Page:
Lansing and Chicago on the march as National Prison Strike grows
SAN FRANCISCO BAY VIEW — Lansing, Michigan – Community members, formerly incarcerated people and anti-prison activists marched today through downtown Lansing to raise awareness about the beginning of a nationwide prisoner strike.
“Prisoners around the country are putting a lot at risk to organize this strike, and we’re here to make sure that their demands can’t be ignored,” says Alejo Stark, a PhD candidate at the University of Michigan and the spokesperson for Michigan Abolition and Prisoner Solidarity (MAPS).
Additionally, the group has compared this strike to the September 2016 rebellion at Kinross Correctional Facility, an action that the MDOC repeatedly lied about, misleading reporters and family members of those incarcerated. If it had not been for the few inmates who were able to provide a prisoner perspective on the rebellion, the MDOC would have gotten away with lying about the nature and scope of the protest.
“At Kinross you saw a situation where prisoners peacefully presented a set of extremely reasonable demands, but the prison officials, instead of engaging in dialogue, called in a tactical team that started a riot and cost the state almost $1 million,” Stark continued. “This August we have another opportunity to listen to what prisoners are saying about why prisons do not solve our society’s problems.”
“Prisoners around the country are putting a lot at risk to organize this strike, and we’re here to make sure that their demands can’t be ignored,” says Alejo Stark, spokesperson for Michigan Abolition and Prisoner Solidarity.
The 2018 national prisoner strike began two days ago on Aug. 21, and will continue through Sept. 9. The national action is organized and led by prisoners around the country who have already begun engaging in hunger strikes, work stoppages and other actions to protest their inhumane living conditions. Their demands include “an immediate end to prison slavery” as well as various other demands related to sentencing reform and racism. The full list of demands is here: http://sfbayview.com/2018/07/national-prison-strike/.
Organizers of the march describe this action as a “celebration of the kick-off of the nationwide prisoner strike” and they created huge banners and balloons as well as other props. There was also a small flotilla of canoes holding signs on the river.
In addition to meeting the immediate demands of the prison strikers, some marchers hope that the strike will spark more significant changes in society. “We want a world in which prisons do not act as catch-all solutions to our society’s problems, a society that perpetuates violence with more violence – by putting people in cages,” says Stark.
“And prisoners are going to keep rebelling against confinement, so we can’t help but ask, can we imagine a society without prisons? Michigan spends just over $2 billion on the MDOC. Imagine what we can do with that money in a state where Flint still does not have clean water and Detroit is closing down schools to its students.”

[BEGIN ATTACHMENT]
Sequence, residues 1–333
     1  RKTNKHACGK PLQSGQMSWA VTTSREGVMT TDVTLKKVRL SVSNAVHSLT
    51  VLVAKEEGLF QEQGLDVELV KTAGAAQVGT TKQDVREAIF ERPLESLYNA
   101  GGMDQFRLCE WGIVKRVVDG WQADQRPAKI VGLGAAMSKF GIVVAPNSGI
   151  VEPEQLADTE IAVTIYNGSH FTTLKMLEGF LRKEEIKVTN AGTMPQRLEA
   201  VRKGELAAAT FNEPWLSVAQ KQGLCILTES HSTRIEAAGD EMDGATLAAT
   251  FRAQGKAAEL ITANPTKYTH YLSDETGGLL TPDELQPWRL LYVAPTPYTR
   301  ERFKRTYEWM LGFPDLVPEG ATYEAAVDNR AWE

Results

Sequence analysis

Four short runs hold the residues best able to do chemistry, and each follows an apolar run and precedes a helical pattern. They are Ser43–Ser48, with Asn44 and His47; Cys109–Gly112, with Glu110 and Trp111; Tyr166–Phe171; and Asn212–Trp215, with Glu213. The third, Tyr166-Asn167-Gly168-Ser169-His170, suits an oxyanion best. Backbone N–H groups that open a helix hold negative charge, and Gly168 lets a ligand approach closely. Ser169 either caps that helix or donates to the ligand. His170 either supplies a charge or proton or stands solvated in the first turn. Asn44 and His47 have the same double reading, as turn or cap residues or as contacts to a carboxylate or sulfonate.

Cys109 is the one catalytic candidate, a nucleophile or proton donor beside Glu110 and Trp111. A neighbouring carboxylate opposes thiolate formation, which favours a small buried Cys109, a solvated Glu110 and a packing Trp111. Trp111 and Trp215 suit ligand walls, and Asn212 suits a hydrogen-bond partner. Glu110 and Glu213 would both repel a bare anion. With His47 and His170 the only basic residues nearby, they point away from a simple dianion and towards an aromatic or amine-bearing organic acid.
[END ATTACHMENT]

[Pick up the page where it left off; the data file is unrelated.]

“We want a world in which prisons do not act as catch-all solutions to our society’s problems, a society that perpetuates violence with more violence – by putting people in cages,” says Stark.
You can read more about the protest march at the Facebook event, here, and about the organization at their website, https://michiganabolition.org/. You can reach out to us on our Facebook here or find us on Twitter at @MI_Abolition.
Chicago 1968 and 2018: Unite against war and police violence! Rally Aug. 25
Editor’s note: Although this march – expected to be huge – is not specifically connected with the National Prison Strike, signs and banners adding prison abolition and resistance would no doubt be welcome and the opportunity to recruit more prison abolitionists should not be overlooked.
Fifty years ago, growing numbers of Americans rose up against the twin evils of war and racism. Outside the Democratic National Convention in Chicago in August 1968, peaceful protestors were savagely attacked by the police minions of Chicago Mayor Richard J. Daley while Party bosses inside were busy crushing the hopes of peace candidates whom the majority of Democratic primary voters had supported.
We intend to commemorate this event. But more than that, we intend to highlight the sobering lessons of 1968 for today’s world, where both parties support unending wars, huge military spending that starves urgently needed social services of funds, and a brutal police and prison apparatus that targets people of color.
In many respects things are worse today than in 1968. The U.S. government is still at war – only now it’s not one war in Vietnam but MANY wars. Today, however, we barely know they’re happening. Yet these wars cost trillions of dollars and people here pay for them by doing without decent schools, good jobs, decent services, health care – even safe drinking water. We are still plagued by persistent war, racism, poverty, and police violence.
We need a revived and unified movement for peace and social justice TODAY – one that links the struggles against racism, poverty and police violence in the United States to our government’s unending wars and military domination abroad. We call on peace, anti-poverty, anti-racist, immigrant rights and other progressive organizations, and all persons of conscience:
Join us for a rally and march, starting at Chicago’s Daley Plaza, at noon, on Saturday, Aug. 25, the anniversary of the Chicago police riot 50 years ago! We demand:
- No more war! No more police violence! No more racism!
- Fund human needs, not destruction and death!
- Respect human rights at home and abroad!
Rally at noon, Richard J. Daley Plaza, and march at 1 p.m. to Grant Park and the Gen. John Logan Statue, scene of the most iconic protest at the 1968 convention.
To learn more, visit Chicago Committee Against War and Racism on Facebook.